Adventures in DIY: Pedal Overhaul

Pedal body with axle,  washer, locking nut, dustcap, and cone. Not pictured: ball bearings.

A few people think I’m a great bicycle mechanic. This notion is quite far from the truth. Oh sure, I can do some basic stuff. Fix a flat? Sure. Adjust brakes? Grudgingly. Mount stuff? Okay. Since I have toured extensively, I can do the basics. But I don’t like doing certain things, so I’ll just bring my bike by a shop. (It doesn’t hurt that there are 83,267 bike shops in Portland, the closest one from my house two blocks away.) Anything major? Drop it off at ye old bike shop.

Of course I’d like to be able to do more work on my own bicycle. I should learn how to do more things. I’ve never been mechanically inclined, so some bike repair intimidates me. This is no excuse.

Tomorrow is Portland’s annual Tweed Ride. The Rudge Sports in all of its path-racer glory would be the most obvious mount for such a themed ride. Hopefully I’ll be able to ride it, though the weather has been dreadfully rainy this week, and more of the same is expected tomorrow. The Rudge is a “sunny day” bike in its current configuration, as the combination of steel rims and no fenders does not lend itself to wet rides. If it is raining, I’ll take the Raleigh. But if it isn’t, I want the Rudge to be ready. And one thing it needs is pedals. I originally ran the “rat trap” pedals that were on the Raleigh, but they sucked, so I installed my ’80’s Shimano Deore pedals with Power Grips. They work, but they’re not aesthetically appropriate for the bike.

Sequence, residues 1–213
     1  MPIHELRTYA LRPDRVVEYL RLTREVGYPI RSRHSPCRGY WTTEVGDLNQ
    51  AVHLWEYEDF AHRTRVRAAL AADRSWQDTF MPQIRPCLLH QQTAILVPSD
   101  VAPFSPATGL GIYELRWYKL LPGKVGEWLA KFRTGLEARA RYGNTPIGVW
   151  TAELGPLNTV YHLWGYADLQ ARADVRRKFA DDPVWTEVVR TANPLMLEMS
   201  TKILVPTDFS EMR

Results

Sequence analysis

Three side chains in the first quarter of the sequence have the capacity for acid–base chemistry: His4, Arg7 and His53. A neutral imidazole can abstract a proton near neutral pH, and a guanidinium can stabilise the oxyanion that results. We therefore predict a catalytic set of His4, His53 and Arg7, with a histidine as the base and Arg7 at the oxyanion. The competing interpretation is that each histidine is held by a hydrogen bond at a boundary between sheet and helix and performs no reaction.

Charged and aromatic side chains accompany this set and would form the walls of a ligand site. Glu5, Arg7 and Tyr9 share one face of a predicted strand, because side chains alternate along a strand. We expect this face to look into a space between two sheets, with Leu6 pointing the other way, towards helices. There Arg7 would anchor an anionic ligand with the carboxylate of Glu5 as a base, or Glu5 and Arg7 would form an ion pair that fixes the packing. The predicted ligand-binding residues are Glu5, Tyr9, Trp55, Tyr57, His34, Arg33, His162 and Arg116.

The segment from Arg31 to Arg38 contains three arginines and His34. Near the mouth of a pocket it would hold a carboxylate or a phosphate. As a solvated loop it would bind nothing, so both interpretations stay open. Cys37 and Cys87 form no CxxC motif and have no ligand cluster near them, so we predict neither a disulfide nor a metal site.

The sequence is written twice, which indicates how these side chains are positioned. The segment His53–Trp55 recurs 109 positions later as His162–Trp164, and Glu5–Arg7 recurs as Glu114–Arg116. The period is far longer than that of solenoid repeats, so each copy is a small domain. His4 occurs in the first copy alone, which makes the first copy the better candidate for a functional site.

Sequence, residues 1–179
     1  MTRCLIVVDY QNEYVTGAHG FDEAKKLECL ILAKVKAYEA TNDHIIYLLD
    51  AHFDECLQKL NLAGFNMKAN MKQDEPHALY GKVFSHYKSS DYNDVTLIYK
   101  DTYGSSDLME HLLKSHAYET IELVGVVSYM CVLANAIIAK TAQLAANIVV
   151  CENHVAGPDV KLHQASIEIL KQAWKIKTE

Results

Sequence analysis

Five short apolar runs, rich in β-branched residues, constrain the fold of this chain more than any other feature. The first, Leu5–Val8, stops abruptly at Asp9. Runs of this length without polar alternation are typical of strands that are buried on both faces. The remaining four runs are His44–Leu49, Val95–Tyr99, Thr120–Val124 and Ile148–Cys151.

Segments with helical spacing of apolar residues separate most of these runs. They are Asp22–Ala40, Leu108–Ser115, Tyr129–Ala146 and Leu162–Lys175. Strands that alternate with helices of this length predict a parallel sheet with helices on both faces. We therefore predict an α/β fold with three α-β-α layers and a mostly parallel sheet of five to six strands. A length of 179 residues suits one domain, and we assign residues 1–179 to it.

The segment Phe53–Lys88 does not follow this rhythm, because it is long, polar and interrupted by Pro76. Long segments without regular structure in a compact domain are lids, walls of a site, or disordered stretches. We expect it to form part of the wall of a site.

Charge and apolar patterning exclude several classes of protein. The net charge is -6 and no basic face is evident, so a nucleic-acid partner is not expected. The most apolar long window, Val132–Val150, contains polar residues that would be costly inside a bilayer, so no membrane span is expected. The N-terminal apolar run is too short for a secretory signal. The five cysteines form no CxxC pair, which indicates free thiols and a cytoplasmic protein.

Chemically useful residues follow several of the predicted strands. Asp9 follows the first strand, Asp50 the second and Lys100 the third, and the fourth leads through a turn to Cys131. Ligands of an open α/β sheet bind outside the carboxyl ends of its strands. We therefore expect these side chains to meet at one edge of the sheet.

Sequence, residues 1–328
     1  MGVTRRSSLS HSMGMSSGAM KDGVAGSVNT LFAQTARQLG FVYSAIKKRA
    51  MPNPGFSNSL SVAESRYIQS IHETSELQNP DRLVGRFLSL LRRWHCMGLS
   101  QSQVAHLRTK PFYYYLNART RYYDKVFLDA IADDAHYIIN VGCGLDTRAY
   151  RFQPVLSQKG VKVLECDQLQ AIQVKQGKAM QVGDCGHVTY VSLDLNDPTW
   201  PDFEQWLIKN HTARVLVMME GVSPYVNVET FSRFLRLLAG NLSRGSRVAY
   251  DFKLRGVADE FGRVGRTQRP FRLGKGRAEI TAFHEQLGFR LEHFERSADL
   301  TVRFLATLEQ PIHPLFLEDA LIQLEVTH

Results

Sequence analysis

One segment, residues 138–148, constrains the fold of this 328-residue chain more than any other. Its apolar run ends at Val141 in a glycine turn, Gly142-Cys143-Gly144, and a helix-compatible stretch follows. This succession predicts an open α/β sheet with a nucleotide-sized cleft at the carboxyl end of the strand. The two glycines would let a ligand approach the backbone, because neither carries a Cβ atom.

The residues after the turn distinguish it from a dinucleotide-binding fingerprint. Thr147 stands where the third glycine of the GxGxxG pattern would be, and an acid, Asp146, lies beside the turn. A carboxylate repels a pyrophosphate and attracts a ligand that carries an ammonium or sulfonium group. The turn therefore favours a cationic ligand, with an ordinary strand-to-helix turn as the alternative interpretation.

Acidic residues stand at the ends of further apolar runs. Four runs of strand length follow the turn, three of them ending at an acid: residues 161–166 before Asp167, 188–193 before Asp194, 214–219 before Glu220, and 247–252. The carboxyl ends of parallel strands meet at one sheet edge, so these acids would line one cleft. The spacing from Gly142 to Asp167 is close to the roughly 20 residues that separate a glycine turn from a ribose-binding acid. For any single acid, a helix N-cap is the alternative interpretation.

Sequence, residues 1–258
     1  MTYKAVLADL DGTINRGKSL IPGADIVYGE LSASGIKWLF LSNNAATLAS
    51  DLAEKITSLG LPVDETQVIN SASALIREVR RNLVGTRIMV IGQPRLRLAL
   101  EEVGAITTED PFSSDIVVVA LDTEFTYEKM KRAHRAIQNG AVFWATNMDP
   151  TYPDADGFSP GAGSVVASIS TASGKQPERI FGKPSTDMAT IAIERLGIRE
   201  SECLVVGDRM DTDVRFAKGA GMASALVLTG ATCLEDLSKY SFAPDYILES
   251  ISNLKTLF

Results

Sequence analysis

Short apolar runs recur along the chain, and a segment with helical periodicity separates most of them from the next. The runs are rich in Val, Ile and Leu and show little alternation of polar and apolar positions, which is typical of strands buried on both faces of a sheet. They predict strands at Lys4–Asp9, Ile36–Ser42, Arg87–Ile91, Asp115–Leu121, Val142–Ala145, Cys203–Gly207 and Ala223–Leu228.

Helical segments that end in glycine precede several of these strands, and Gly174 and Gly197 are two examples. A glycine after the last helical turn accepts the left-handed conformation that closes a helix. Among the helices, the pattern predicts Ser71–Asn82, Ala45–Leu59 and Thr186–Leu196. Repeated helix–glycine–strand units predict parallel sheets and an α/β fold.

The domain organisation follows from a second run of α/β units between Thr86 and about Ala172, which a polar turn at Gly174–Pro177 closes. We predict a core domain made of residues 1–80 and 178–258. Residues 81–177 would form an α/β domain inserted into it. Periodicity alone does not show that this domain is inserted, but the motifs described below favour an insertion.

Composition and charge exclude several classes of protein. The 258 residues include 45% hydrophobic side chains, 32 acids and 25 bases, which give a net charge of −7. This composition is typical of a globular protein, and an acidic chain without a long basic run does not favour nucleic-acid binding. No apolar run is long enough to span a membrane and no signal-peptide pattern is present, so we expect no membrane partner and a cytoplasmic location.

So I got a pair of SR quill pedals from my friend Ed. While they are 70’s style road pedals, not rat-traps, they are more appropriate for the Rudge. There was one problem, though: one of the pedals was a bit grindy, but not overly so. It would probably be fine, but I decided this would be a good opportunity to teach myself how to overhaul a pedal.